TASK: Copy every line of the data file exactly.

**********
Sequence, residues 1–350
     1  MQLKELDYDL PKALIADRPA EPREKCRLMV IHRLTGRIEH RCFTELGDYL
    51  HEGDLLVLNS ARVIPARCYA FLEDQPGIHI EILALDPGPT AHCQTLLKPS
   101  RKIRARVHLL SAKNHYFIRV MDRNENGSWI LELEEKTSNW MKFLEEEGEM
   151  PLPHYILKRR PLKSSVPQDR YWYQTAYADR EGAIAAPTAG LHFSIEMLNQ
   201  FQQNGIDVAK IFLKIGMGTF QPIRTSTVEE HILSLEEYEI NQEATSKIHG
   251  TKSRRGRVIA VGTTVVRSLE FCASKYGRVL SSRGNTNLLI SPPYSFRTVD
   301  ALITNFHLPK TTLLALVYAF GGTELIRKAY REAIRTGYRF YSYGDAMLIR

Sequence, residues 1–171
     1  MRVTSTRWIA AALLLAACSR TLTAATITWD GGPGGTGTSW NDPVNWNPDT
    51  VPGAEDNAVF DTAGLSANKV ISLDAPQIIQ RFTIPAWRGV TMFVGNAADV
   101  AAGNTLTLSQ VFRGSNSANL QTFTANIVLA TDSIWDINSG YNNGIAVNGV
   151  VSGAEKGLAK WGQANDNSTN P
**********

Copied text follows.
Sequence, residues 1–350
     1  MQLKELDYDL PKALIADRPA EPREKCRLMV IHRLTGRIEH RCFTELGDYL
    51  HEGDLLVLNS ARVIPARCYA FLEDQPGIHI EILALDPGPT AHCQTLLKPS
   101  RKIRARVHLL SAKNHYFIRV MDRNENGSWI LELEEKTSNW MKFLEEEGEM
   151  PLPHYILKRR PLKSSVPQDR YWYQTAYADR EGAIAAPTAG LHFSIEMLNQ
   201  FQQNGIDVAK IFLKIGMGTF QPIRTSTVEE HILSLEEYEI NQEATSKIHG
   251  TKSRRGRVIA VGTTVVRSLE FCASKYGRVL SSRGNTNLLI SPPYSFRTVD
   301  ALITNFHLPK TTLLALVYAF GGTELIRKAY REAIRTGYRF YSYGDAMLIR

Sequence, residues 1–171
     1  MRVTSTRWIA AALLLAACSR TLTAATITWD GGPGGTGTSW NDPVNWNPDT
    51  VPGAEDNAVF DTAGLSANKV ISLDAPQIIQ RFTIPAWRGV TMFVGNAADV
   101  AAGNTLTLSQ VFRGSNSANL QTFTANIVLA TDSIWDINSG YNNGIAVNGV
   151  VSGAEKGLAK WGQANDNSTN P